Gel Electrophoresis in Forensics (Edexcel International A Level Biology)

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Gel Electrophoresis in Forensics

  • Gel electrophoresis is a technique used widely in the analysis of DNA, RNA and proteins
    • DNA fragments are created, e.g. using enzymes known as restriction endonucleases that cut DNA at specific restriction sites
    • The resulting fragments are inserted into a well at the end of a piece of agar gel, before a current is passed through the gel
  • Molecules move through the agar due to the difference in charge across the gel
    • Positively charged molecules will move towards the cathode (negative pole) while negatively charged molecules will move towards the anode (positive pole)
    • DNA is negatively charged due to the phosphate groups and so when placed in an electric field the molecules move towards the anode
  • The molecules are separated according to their size / mass 
    • Different sized molecules move through the gel at different rates
    • The tiny pores in the gel allow smaller molecules to move quickly, whereas larger molecules move more slowly
  • The process of gel electrophoresis involves the following stages
    • An agarose gel plate is created and wells are cut into the gel at one end
    • The gel is submerged in a tank containing electrolyte solution; this is a salt solution that conducts electricity
    • The DNA samples are transferred into the wells using a micropipette, ensuring that a sample of DNA standard is loaded into the first well
      • The purpose of the standard is to produce a set of known results with which to compare any new results 
    • The negative electrode is connected to the end of the plate with the wells and the positive anode is connected at the far end
      • The DNA fragments move towards the anode due to the attraction between the negatively charged phosphates of DNA and the anode
      • The smaller mass / shorter pieces of DNA fragments move faster and therefore further from the wells than the larger fragments
    • Probes are then added, after which an X-ray image is taken or UV-light is shone onto the paper producing a pattern of bands which can be compared to the control, or standard, fragments of DNA
      • Probes are single-stranded DNA sequences that are complementary to the regions of interest; they can be
        • A radioactive label which causes the probes to emit radiation that makes the X-ray film go dark, creating a pattern of dark bands
        • A fluorescent dye which fluoresces when exposed to UV light, creating a pattern of coloured bands


Gel electrophoresis can be used in DNA profiling

Analysing the results of gel electrophoresis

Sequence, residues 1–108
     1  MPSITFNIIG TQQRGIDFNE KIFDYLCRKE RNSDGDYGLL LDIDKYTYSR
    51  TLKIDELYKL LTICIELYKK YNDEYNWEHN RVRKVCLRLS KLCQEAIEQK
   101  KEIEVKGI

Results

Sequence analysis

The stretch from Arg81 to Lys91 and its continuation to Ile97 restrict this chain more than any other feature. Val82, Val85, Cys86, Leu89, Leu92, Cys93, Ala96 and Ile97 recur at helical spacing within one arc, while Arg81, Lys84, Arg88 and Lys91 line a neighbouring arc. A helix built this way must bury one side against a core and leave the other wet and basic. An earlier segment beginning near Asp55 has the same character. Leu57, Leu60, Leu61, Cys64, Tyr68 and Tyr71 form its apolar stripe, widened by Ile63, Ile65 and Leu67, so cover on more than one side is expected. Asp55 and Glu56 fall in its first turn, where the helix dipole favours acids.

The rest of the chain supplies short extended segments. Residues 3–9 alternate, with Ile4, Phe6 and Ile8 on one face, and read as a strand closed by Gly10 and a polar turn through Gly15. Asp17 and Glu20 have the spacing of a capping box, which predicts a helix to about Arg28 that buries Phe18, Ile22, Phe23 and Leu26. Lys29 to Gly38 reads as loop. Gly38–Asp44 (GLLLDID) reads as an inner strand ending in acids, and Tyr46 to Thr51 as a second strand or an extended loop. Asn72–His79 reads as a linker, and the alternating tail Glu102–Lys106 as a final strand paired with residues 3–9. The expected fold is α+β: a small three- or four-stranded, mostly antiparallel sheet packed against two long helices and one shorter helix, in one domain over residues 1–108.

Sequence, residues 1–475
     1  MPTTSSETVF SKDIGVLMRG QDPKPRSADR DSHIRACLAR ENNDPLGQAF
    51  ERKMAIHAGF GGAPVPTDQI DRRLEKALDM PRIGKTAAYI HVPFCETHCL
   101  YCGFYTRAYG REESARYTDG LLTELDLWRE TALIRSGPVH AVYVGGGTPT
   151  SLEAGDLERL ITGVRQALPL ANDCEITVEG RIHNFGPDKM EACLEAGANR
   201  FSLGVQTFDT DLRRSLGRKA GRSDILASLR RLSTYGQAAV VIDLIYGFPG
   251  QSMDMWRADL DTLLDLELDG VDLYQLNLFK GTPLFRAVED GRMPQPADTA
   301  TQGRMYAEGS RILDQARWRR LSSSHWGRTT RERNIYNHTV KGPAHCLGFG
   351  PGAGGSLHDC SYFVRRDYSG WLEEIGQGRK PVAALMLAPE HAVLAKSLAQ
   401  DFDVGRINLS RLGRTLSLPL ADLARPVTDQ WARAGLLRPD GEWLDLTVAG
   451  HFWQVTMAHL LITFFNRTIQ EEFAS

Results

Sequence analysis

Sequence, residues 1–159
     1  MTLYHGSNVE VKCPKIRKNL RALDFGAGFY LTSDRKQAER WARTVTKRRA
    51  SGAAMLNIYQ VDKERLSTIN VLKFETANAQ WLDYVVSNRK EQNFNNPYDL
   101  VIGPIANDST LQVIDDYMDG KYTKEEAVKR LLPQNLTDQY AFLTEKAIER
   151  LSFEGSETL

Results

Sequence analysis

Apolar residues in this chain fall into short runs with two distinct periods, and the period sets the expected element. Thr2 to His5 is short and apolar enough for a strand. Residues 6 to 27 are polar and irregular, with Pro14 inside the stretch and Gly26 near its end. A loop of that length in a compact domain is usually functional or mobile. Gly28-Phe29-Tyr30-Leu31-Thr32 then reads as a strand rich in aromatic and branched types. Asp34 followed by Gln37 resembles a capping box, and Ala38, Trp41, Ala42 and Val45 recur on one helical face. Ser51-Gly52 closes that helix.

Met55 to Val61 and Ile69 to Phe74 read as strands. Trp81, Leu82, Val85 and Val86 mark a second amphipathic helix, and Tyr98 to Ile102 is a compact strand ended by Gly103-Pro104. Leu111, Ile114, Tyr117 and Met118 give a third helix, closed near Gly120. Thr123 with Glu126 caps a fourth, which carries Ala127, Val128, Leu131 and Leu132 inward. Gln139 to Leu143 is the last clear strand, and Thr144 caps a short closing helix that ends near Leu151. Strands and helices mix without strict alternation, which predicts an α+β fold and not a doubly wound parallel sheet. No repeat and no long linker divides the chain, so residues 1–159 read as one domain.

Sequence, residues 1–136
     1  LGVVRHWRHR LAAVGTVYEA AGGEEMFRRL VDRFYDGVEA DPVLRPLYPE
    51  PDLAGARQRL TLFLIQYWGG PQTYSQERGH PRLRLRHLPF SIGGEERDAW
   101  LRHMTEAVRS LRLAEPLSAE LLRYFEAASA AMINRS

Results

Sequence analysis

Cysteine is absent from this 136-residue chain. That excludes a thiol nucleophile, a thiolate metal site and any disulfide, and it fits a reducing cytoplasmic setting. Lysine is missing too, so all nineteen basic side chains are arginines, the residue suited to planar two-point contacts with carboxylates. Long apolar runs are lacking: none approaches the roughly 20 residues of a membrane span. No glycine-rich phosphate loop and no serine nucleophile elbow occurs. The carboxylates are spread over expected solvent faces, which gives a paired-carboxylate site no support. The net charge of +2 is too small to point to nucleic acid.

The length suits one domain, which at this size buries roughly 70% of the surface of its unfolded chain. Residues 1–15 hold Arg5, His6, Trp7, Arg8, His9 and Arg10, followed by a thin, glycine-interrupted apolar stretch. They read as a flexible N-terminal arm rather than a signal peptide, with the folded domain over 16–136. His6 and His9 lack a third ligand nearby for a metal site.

• Gel electrophoresis produces a pattern of bands on the gel that represent DNA fragments of different length
    • The fragments were produced after PCR by cutting the DNA samples into pieces using restriction endonuclease enzymes
    • Restriction endonucleases cut DNA at specific locations in the DNA base sequence, so will always cut in between sections of repeated bases known as variable number tandem repeats (VNTRs)
      • VNTRs are known as micro- or mini-satellites depending on the number of repeats that occur; micro-satellites have fewer repeats than mini-satellites
    • Different people have different numbers of repeats in their VNTR regions, so the fragments will differ in length depending on whether there are few or many repeats
  • Different individuals will have different lengths of DNA fragments, so a different pattern of banding will form on each profile
  • Every banding pattern will be unique to an individual, so comparisons of DNA from crime scenes with that of suspects is a reliable way of finding out who was present at a crime scene

Exam Tip

Don't get too bogged down in the details regarding restriction enzymes and VNTRs, but you should be able to explain how gel electrophoresis works to separate DNA fragments of different length.

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Author: Marlene

Marlene graduated from Stellenbosch University, South Africa, in 2002 with a degree in Biodiversity and Ecology. After completing a PGCE (Postgraduate certificate in education) in 2003 she taught high school Biology for over 10 years at various schools across South Africa before returning to Stellenbosch University in 2014 to obtain an Honours degree in Biological Sciences. With over 16 years of teaching experience, of which the past 3 years were spent teaching IGCSE and A level Biology, Marlene is passionate about Biology and making it more approachable to her students.